The Republican ex-congressman who now works as the chief lobbyist for the troubled for-profit college industry has ushered in the new year with an email asking for-profit college owners to finance a legal brief aimed at limiting the legal risk of companies in fraud cases. The amount that Steve Gunderson, CEO of the industry trade group APSCU, says he needs to pay for the single, short brief he proposes to file with the U.S. Supreme Court? $80,000.
The email, obtained by Republic Report, opens with a hearty "Happy New Year!" greeting but then gets down to business, with Gunderson describing what's at stake in a case the Supreme Court will consider this term, Universal Health Services v. United States ex rel. Escobar: Basically, whether a company can be held liable for fraud under the federal False Claims Act whenever it submits a bill to the government while in violation of a legal condition for receiving payment.
For-profit colleges have reason to fear a bad result in this case: The industry has been receiving more than $30 billion a year in taxpayer funding to enroll students, and many of the big industry players are under investigation by law enforcement or already have paid fines to settle False Claims Act cases or other claims that they have deceived students and taxpayers. In the face of an adverse ruling, Gunderson warns, big for-profit colleges that violate the law could face "crippling liability."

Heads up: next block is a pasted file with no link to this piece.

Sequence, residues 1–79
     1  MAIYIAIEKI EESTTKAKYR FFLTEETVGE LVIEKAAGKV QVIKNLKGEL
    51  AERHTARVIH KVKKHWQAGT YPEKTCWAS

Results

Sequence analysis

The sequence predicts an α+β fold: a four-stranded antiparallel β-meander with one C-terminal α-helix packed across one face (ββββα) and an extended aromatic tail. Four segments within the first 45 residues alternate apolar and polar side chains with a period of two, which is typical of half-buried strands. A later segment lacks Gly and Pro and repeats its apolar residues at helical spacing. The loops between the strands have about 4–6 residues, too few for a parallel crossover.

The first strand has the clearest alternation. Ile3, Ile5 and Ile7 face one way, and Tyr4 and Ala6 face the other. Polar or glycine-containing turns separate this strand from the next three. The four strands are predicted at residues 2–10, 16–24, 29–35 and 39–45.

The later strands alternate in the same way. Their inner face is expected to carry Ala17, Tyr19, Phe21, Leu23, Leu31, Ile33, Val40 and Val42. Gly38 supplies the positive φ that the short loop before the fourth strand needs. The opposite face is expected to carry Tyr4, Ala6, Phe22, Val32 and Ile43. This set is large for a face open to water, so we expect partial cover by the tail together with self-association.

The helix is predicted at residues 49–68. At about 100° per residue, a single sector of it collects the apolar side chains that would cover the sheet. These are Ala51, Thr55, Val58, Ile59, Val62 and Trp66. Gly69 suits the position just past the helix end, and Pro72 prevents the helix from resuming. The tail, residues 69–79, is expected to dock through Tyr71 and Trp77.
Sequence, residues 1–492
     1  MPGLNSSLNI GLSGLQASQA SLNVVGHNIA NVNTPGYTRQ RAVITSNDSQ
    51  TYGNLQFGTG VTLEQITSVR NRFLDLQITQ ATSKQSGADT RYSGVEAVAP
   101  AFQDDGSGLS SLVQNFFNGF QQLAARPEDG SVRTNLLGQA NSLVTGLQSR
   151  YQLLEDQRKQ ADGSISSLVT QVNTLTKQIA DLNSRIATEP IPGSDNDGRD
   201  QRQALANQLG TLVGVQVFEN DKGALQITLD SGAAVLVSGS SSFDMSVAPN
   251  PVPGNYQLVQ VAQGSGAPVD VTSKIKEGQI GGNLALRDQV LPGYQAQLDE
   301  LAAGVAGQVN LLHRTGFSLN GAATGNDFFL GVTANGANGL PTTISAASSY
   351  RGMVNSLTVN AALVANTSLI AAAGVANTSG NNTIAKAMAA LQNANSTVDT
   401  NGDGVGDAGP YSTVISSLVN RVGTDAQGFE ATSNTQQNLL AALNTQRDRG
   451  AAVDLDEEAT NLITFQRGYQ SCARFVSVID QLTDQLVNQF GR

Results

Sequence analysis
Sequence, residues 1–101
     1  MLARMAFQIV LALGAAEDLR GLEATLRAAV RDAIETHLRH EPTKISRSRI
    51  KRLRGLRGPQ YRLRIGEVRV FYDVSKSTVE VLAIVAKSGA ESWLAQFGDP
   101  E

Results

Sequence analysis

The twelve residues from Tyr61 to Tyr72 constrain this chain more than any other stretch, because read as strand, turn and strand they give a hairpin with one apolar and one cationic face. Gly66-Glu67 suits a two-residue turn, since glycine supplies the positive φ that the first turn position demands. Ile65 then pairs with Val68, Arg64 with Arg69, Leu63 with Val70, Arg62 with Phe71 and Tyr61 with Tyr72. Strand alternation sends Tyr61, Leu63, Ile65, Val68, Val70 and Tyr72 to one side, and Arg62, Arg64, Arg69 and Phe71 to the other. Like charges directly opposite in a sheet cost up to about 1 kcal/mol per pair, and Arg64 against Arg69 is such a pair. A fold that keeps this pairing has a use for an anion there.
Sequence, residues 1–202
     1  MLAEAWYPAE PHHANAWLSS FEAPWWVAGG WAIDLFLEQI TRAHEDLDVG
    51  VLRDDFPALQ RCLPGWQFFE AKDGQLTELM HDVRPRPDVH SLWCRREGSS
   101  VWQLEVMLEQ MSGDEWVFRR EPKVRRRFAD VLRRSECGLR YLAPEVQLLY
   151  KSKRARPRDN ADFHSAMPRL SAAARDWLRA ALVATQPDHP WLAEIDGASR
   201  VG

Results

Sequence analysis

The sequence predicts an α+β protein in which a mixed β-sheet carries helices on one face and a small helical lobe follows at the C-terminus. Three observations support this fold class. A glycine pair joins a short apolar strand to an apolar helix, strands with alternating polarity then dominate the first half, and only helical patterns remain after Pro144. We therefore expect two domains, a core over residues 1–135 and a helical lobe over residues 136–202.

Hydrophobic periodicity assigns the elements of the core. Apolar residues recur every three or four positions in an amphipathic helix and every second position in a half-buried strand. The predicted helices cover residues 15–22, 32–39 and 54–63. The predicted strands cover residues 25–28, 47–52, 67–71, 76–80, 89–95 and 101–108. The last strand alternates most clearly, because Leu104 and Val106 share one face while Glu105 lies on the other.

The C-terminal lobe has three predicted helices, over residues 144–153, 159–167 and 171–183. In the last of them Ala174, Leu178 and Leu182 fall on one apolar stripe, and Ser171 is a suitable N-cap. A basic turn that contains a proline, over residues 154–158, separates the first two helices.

So Gunderson wants to file a friend-of-the-court (amicus) brief urging the Court to make it harder for government agencies and individuals who allege fraud to obtain damages from companies like those in his industry.
Thus, on the very same day -- January 4 -- that Gunderson sent a public letter to the new Acting U.S. Secretary of Education, John King, offering "new beginnings.... My hope is that together we can begin an era of constructive collaboration," he was plotting, through his private email to for-profit college owners, an effort to try to undermine the ability of the Department of Education to recover taxpayer funds in cases where for-profit colleges engage in violations of law.
Amicus briefs in Supreme Court cases -- which urge the Justices to back one of the parties to the dispute -- are subject to a 9000-word limit and generally run 20 to 30 pages of a small (6" x 9") booklet. Gunderson does not say what law firm he wants to hire -- he calls them "the law firm handling this case." In separate litigation, including a case in which APSCU has been trying to strike down the Obama administration's "gainful employment" rule, which aims to hold career training programs accountable for leaving students with insurmountable debt, APSCU's lawyer is Douglas Cox of the ultra-expensive firm Gibson Dunn. Cox boasts on the firm website that he "played a principal role in the firm's successful representation of the prevailing candidate before the Supreme Court of the United States in Bush v. Palm Beach County Canvassing Board and Bush v. Gore, stemming from the 2000 presidential election."
An $80,000 price tag for a single short legal paper is a bit unsettling, especially given that us taxpayers would basically be paying for it, because many big for-profit colleges get 80 to 90 percent of their revenue from federal financial aid.